Atlantic Bank commonly known by its French name Groupe Banque Atlantique, a subsidiary of the Moroccan group Banque Centrale Populaire, recently signed an agreement with the Malian Renewable Energy Agency (AER). It concerns the supply of solar mini grids to the inhabitants of 300 villages in Mali.
The rate of access to electricity was 38% in Mali in 2016. An even lower percentage, and much worse in rural areas still not served by the national electricity network. The Malian government wants to remedy the situation by using off-grid solar energy. A solution for rural territories very popular in several African countries. This is why the State has initiated the Solar Photovoltaic Electrification Programme in rural areas.
In this context, Banque Atlantique, a subsidiary of the Moroccan group Banque Centrale Populaire, has just signed a partnership agreement with the Malian Renewable Energy Agency (AER). The aim is to provide electricity to the inhabitants of 300 villages in this West African country. In each rural area, villagers should benefit from mini-grids equipped with batteries that allow them to listen to the radio, charge mobile phones and light up in the evening.
“The selection of projects, jointly carried out by the two partners, made it possible to identify Keniebougou, a village of about 1,000 inhabitants, located 35 km from the city of Ségou (central Mali) as the first beneficiary locality,” the Atlantic Bank recently announced. In this programme, AER’s mission will be to organise the identification and awareness-raising of the populations of the various selected localities, in order to make technical and financial proposals. This agency, which is part of the Malian Ministry of Energy and Water, will also be responsible for carrying out the work and training local users and technicians who will carry out maintenance on the various mini-grids.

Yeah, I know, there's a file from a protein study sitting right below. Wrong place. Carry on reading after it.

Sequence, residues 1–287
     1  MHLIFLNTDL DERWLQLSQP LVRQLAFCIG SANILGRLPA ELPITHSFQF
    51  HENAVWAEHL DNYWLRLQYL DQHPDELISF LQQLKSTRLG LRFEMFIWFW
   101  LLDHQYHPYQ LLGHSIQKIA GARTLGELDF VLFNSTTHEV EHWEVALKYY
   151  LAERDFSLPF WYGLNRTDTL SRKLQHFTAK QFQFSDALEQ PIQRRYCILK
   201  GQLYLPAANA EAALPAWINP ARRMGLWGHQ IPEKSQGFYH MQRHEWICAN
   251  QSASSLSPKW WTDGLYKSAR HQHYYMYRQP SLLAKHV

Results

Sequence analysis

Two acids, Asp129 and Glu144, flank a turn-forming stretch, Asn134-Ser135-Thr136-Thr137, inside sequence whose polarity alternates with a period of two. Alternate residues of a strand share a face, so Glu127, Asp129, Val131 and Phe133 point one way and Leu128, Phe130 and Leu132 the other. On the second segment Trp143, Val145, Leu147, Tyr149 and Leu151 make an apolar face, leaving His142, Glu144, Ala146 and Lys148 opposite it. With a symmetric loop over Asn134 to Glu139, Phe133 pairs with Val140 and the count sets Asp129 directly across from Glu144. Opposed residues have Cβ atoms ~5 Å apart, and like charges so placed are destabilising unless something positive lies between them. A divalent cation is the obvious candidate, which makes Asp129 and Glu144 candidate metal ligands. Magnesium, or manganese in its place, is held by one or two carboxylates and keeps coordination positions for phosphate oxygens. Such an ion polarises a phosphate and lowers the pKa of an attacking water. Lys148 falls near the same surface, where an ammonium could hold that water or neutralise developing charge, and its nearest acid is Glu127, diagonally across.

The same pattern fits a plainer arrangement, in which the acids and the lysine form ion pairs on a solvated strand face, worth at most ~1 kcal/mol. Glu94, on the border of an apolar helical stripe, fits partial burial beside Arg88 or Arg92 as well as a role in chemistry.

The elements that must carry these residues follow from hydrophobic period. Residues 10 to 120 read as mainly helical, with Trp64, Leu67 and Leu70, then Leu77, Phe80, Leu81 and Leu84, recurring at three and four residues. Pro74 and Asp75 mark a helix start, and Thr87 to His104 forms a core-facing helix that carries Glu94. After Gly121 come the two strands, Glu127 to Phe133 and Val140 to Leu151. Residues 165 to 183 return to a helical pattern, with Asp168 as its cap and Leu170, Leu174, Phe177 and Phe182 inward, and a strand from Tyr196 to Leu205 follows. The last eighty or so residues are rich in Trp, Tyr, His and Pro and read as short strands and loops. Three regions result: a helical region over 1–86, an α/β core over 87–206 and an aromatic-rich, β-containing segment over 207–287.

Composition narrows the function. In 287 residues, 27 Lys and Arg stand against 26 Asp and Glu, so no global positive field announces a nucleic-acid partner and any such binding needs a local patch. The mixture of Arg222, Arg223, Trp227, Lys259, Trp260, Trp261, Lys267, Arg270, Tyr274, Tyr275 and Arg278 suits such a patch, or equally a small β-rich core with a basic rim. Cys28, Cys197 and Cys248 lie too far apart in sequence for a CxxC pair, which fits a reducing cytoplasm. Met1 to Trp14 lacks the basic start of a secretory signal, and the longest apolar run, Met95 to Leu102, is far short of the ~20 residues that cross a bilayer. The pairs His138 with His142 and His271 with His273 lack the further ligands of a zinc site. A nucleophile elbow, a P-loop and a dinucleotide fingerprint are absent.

The Atlantic Bank will take care of the financing of the project. It is also expected that the programme will be backed by a “pas-you-go” (pay-per-use) payment system, as is done in similar projects throughout sub-Saharan Africa and on “mobile banking” already operational in Mali.
Jean Marie Takouleu